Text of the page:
Monday, April 29, 2013

Mightee Kids

Teach your kids about their less fortunate friends and help contribute to some great causes!

Wednesday, April 11, 2012

Smile Squared Toothbrushes

Check out the story of Smile Squared Toothbrushes:

These toothbrushes can be recycled and are produced from sustainable materials.  Think of all those plastic brushes thrown away in the landfills!  Best of all, for every brush purchased one is donated to a child in need.  Many children in developing countries don't have access to things as basic as a toothbrush.

My daughter Audrey and I have been using them and they're great.  Ask me about them in the office and I'll give you one after your visit!

Dr. Jeremy

Monday, December 6, 2010

Dental X-Rays

A few weeks ago The New York Times published an article titled "Radiation Worries for Children in Dentists' Chairs".  Here's the link:

It focuses mainly on the radiation dose from a specific type of imaging device called a Cone Beam Ct Scanner or CBCT and it's potential abuse, but the title and content seem to blur the line between this technology and traditional dental x-rays.  The issue of dental and medical ionizing radiation can be confusing, and there's a lot of passionate and conflicting advice on the internet.  It's difficult to find reliable, unbiased, information on the topic.  I've found useful information at the Health Physics Society website:

The HPS is an independent nonprofit scientific organization devoted to radiation safety.  They're not affiliated with any government or industrial organization or private entity.

As parents, it's our duty to safeguard our children and make sound decisions for them.  It's unreasonable to expect every parent to be an expert on ionizing radiation.  So rather than getting into a technical discussion about radiation, I think it's more valuable to give you the following advice:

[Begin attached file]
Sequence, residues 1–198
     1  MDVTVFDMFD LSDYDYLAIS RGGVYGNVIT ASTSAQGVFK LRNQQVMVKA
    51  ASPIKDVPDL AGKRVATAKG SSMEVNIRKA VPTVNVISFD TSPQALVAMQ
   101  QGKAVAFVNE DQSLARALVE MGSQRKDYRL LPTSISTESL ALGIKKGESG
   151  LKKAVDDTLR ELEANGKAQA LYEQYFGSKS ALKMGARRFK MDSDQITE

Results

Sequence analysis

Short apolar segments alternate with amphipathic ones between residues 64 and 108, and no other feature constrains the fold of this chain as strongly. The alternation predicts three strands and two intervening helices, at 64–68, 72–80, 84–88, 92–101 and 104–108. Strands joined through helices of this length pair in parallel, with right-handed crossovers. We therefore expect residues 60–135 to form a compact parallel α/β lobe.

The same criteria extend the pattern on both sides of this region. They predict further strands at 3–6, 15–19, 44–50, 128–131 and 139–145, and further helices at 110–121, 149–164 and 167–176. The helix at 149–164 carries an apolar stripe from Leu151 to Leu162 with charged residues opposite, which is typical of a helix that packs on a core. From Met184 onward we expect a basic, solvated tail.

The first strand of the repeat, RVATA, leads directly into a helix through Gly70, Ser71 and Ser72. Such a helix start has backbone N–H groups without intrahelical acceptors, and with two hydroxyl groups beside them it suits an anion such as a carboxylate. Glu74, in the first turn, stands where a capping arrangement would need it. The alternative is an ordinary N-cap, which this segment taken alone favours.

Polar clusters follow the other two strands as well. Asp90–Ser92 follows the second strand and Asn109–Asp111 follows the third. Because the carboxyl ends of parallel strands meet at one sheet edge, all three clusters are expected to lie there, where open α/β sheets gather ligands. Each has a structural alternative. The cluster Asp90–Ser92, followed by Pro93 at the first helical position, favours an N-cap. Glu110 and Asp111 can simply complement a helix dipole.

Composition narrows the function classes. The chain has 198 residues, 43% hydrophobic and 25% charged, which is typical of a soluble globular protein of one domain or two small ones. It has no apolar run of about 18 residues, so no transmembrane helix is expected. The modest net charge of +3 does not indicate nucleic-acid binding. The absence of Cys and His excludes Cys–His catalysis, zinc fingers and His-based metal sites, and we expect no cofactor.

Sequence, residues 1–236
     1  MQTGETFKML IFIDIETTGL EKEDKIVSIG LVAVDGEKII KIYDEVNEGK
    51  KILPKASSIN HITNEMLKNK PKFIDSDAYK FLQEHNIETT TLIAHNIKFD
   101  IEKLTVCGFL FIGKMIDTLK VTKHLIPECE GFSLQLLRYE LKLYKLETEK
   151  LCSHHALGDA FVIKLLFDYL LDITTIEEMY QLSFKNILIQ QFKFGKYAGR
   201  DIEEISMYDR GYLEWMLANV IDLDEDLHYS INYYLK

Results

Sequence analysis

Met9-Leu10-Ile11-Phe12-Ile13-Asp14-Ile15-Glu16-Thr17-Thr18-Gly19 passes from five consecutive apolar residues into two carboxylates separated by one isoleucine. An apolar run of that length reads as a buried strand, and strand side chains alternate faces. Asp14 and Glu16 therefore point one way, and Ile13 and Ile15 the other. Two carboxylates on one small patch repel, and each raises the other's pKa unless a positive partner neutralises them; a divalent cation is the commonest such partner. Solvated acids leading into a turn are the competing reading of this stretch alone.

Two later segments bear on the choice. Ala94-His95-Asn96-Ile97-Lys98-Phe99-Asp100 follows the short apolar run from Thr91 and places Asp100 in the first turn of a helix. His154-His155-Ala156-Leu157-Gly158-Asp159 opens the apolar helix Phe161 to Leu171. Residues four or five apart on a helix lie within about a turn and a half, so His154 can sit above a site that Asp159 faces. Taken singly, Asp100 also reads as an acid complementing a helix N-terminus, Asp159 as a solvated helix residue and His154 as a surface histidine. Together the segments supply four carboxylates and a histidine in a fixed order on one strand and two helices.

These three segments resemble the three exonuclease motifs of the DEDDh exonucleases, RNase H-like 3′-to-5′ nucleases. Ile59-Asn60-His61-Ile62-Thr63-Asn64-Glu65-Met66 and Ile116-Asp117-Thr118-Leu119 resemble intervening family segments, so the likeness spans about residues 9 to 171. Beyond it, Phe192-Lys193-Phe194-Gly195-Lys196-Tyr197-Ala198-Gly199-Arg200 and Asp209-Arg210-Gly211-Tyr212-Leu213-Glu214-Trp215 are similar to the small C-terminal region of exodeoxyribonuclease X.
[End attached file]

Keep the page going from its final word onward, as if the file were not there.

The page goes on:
1.  Make sure your dentist knows about and practices the ALARA Principle.  ALARA stands for  "As Low As Reasonably Achievable".  ALARA means taking every reasonable effort to minimize the exposure to ionizing radiation.  For example, by reducing exposure times, utilizing shielding, utilizing proper technique, etc...

2.  Understand that dental x-rays should not be taken the same way for every patient.  If your dentist can't articulate to you the reason they are taking a particular x-ray...don't take it.  I don't take an x-ray unless either: 1. the risk of an undiagnosed dental disease outweighs the risk of the x-ray or 2. the x-ray is likely to have clinical implications...meaning that the results will affect treatment.  Children with poor hygiene, a history of trauma, or dental decay will typically require more x-rays than those with good hygiene, no trauma, and no decay.

I hope this helps!

Happy Holidays!

- Dr. Jeremy

Wednesday, October 27, 2010

Electric vs. Manual Toothbrush, Which is better?

This question comes up often in the office.  The simple answer is:

The one you use most often! 

There seems to be some debate as to whether powered toothbrushes actually clean better than manual brushes.  Virtually everyone agrees, however, that regardless of the type of brush you use, if you brush regularly and properly you will have healthier teeth and gums.

There are advantages and disadvantages to both types of brushes.  Electric brushes can sometimes be better for people with poor manual dexterity and/or motor deficits.  Kids with poor technique could conceivably benefit from the additional motion and 2 minute timers found in many electric brushes.  Manual brushes are less expensive and more portable.  They also don't require an outside power source.  I've found some kids don't like the added stimulation of the electric brushes, while others enjoy the novelty.  Some electric brushes have lights or music that guide kids to brush for a specified amount of time.

Regardless of which type of brush you chose for your kids, make sure that it has a small enough head for their mouth size, and soft bristles.